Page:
August 29, 2008 by Chris Hitzeman
Pheasants in South Dakota Up 9% over 2007
PIERRE, S.D.—Favorable weather conditions and good habitat have once again combined to produce a record pheasant crop in South Dakota.
Brood count surveys conducted by the S.D. Game, Fish and Parks Department tallied pheasant numbers that once again hearken back to the days of the Soil Bank era in the 1950s and ’60s. Surveys that measure pheasants per mile from brood routes put the 2008 index at 8.56 pheasants per mile, a figure that’s 64 percent ahead of the 10-year average and the highest recorded since 1963.
“The survey results show a statewide increase of 9 percent in pheasant numbers,” said GFP Secretary Jeff Vonk. “That’s amazing considering the record-setting level of last year’s brood survey.”
The survey estimates are derived from 110 30-mile brood routes across South Dakota. From July 25 through August 15 traditional routes are surveyed each year using standardized methods. The result of the survey is a pheasants-per-mile index that is used to compare estimates year to year and over a 10-year time frame.
“While the statewide estimate is up, hunters should take particular note of the survey results in their local areas,” Vonk said. “Unlike last year when pheasant numbers were up all across the state, local survey results were mixed this year.”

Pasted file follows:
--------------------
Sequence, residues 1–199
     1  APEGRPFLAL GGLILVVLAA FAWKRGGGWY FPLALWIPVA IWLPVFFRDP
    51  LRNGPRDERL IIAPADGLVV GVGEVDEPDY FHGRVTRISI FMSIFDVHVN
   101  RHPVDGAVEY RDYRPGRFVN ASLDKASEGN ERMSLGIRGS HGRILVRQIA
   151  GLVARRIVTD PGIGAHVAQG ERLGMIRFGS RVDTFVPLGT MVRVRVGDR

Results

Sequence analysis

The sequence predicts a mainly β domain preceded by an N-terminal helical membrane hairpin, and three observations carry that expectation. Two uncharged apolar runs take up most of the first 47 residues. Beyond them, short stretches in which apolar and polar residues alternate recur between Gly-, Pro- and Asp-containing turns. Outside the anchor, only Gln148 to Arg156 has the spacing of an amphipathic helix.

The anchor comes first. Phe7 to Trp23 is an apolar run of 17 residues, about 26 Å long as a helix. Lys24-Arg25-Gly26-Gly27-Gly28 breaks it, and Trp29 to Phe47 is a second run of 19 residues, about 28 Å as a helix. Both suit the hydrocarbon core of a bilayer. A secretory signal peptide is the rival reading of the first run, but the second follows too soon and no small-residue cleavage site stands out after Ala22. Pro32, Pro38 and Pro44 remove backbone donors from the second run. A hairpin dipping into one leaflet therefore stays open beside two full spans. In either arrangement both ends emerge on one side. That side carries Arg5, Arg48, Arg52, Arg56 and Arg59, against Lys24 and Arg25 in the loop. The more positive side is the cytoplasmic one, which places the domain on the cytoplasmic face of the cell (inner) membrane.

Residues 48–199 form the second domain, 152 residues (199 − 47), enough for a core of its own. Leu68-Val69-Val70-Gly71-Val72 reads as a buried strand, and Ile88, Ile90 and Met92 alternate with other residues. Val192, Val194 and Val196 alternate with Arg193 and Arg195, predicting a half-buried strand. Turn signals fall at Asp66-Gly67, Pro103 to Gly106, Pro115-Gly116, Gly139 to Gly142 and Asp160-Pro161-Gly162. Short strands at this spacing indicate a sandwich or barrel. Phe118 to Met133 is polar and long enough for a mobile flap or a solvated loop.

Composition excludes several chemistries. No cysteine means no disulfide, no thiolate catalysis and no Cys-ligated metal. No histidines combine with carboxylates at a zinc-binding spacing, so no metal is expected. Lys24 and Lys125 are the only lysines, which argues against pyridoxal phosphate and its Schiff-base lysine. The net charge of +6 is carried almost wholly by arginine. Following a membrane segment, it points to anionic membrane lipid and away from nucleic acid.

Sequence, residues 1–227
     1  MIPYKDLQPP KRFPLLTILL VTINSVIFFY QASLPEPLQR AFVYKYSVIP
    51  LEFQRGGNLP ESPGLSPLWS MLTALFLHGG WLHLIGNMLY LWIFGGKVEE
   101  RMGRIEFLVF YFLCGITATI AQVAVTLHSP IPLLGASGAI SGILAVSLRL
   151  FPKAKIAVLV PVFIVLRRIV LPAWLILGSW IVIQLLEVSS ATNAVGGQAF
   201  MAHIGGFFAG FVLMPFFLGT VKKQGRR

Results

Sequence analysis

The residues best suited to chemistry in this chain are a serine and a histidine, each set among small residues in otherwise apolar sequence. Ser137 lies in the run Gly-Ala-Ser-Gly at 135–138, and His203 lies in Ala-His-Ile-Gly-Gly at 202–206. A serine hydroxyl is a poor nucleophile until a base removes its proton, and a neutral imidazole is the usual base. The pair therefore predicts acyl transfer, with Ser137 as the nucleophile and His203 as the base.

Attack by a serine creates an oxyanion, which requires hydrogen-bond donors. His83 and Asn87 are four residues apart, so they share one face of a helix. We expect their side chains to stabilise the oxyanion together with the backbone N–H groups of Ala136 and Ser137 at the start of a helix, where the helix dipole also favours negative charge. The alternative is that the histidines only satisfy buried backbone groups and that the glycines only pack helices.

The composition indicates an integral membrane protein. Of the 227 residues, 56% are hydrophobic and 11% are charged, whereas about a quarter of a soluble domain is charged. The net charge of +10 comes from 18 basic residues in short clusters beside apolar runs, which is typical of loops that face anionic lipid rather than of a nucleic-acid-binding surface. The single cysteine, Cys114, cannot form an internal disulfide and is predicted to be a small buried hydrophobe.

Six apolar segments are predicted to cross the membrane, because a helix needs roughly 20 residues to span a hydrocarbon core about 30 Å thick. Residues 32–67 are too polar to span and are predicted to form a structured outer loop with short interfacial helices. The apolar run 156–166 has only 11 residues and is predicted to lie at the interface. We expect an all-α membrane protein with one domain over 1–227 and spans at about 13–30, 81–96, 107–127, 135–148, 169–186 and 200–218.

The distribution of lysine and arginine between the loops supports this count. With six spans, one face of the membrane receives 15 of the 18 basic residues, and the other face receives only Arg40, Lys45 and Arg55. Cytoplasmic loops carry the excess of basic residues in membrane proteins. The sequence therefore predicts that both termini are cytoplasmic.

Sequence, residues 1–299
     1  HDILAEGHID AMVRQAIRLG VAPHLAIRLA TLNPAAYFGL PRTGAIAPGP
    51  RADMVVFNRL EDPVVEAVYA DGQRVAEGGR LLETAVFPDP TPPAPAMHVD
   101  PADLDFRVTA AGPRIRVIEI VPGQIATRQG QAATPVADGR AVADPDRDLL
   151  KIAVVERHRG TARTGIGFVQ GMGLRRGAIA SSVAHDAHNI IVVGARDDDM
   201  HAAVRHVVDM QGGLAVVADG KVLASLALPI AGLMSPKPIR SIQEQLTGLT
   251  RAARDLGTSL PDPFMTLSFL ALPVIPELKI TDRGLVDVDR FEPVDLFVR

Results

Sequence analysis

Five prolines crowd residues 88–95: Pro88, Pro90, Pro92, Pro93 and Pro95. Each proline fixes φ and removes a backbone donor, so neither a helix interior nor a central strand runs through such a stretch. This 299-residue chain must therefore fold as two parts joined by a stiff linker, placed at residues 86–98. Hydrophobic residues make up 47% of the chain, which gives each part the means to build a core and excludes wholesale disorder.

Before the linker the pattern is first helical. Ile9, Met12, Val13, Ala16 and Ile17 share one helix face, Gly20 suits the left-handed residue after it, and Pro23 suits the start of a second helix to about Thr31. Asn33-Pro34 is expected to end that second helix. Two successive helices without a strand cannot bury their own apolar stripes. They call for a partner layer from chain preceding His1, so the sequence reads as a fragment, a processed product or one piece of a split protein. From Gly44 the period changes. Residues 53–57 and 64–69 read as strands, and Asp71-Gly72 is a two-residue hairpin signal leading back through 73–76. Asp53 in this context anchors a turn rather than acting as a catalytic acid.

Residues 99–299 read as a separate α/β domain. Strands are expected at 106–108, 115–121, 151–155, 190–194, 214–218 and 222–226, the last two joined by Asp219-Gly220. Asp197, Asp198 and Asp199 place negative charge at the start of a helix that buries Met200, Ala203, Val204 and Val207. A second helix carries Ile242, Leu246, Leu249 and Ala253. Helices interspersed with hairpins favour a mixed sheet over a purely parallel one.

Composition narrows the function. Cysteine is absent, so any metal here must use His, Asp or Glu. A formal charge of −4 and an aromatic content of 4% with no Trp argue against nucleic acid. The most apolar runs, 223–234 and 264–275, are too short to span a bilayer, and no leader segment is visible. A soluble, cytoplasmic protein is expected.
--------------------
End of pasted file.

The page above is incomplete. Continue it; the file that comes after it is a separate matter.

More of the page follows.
Survey results show that pheasant production was very good in the central part of the state, as substantial increases were found in the Mobridge, Pierre, Chamberlain, and Winner areas. On the other hand, pheasant counts are down in the eastern regions of the state while overall counts in east-central regions are largely unchanged from 2007.
“Weather is always a significant factor in the health of the pheasant population and winter was mild and spring precipitation was timely,” Vonk said. “We had some concern about cool, wet conditions in late May and early June as the peak hatch approached, fortunately conditions improved and it was generally warm and dry during the brood-rearing season.”
The other key factor that determines the size of the pheasant population is habitat. With the drought no longer an issue in much of South Dakota, grasslands were in peak condition to serve as pheasant nesting cover. The abundance of lush grasslands in central SD helped offset the costly loss of habitat that was enrolled in the Conservation Reserve Program.
“This state lost just less than 260,000 acres of habitat last year when CRP contracts expired and weren’t renewed,” Vonk said. “While moist conditions may have spared central SD from feeling the full impact of these losses, the critical nesting habitat lost with expiring CRP contracts certainly impacted survey results in eastern SD. Despite the apparent declines in eastern SD, pheasant numbers in areas such as Brookings and Watertown remain higher than ten-year averages, which will still make for an exciting and successful fall.”
South Dakota’s regular pheasant season opens at noon on Saturday, Oct. 18 and runs through January 4, 2009. The statewide youth season has been lengthened to five days, Oct. 4 through Oct. 8 and the resident-only season on public land runs Oct. 11 through Oct. 13.
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Hitz, Joel & Tom on a beautiful fall day in South Dakota.
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